QVC pays out $7.5 mil. for deceptive product claims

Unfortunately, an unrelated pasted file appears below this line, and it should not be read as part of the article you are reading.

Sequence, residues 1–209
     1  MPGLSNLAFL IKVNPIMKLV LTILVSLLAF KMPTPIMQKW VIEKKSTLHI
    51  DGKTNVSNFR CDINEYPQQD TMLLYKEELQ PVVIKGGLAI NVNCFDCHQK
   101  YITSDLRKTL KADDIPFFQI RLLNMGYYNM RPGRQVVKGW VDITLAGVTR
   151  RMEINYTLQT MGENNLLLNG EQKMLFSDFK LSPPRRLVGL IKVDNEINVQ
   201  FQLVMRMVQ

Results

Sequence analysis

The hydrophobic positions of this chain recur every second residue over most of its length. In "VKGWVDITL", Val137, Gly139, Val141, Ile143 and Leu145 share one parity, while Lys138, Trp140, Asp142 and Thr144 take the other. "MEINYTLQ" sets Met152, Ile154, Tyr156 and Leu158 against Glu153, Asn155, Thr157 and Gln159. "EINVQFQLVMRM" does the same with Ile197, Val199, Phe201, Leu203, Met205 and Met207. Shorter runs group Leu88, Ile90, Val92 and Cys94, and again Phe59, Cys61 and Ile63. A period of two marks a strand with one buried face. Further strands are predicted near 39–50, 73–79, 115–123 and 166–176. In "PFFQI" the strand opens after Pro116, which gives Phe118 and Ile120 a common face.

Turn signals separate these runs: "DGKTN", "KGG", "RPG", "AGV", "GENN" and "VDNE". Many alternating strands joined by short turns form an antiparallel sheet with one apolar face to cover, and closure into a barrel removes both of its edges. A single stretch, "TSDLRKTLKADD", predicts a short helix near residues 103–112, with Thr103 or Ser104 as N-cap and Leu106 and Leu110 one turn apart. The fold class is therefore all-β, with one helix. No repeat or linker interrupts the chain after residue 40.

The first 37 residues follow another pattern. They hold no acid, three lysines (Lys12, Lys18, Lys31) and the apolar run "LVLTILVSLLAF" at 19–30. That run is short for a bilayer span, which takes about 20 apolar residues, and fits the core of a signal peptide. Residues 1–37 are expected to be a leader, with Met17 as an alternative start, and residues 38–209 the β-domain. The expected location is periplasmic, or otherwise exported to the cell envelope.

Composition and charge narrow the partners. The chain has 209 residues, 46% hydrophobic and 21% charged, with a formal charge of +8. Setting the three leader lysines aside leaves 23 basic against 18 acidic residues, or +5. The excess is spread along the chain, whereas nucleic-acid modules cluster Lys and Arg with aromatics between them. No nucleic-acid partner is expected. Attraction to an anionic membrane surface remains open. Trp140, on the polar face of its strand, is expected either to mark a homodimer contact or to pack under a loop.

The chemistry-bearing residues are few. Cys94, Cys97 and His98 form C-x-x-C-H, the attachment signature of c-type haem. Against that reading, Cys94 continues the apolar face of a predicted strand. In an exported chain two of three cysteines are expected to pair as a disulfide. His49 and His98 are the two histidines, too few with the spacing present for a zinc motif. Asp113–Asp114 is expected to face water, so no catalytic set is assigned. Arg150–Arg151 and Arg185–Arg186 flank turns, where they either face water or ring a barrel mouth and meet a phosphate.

Unsubstantiated claims for Lipofactor Cellulite Target Lotion - including the assertion that the skin cream could reduce cellulite, "including measurable decreases in the sizes of individuals' arms, lets and abdomens" - as well as for three types of dietary supplements, were the basis of Federal Trade Commission charges leveled at QVC in March 2004. The home shopping specialist will pay $7.5 mil. - $6 mil. for consumer redress and a $1.5 mil. civil penalty - to settle the charges, and a prior FTC order has been expanded, barring QVC from claiming without substantiation that any product eliminates or reduces a user's cellulite, according to the March 19 release. "QVC aired ads that weren't true and violated an FTC order," says Eileen Harrington, Acting Director of the FTC's Bureau of Consumer Protection. "Simply put, we aren't going to let QVC get away with this. The company is responsible for the product claims made on its programs, and we expect that going forward QVC will do a better job for its audience and make sure that its programs are truthful and not deceptive." For Women Only weight-loss pills, Lite Bites weight-loss food bars and shakes, and Bee-Alive Royal Jelly energy supplements were the other products cited for weight-loss and associated claims
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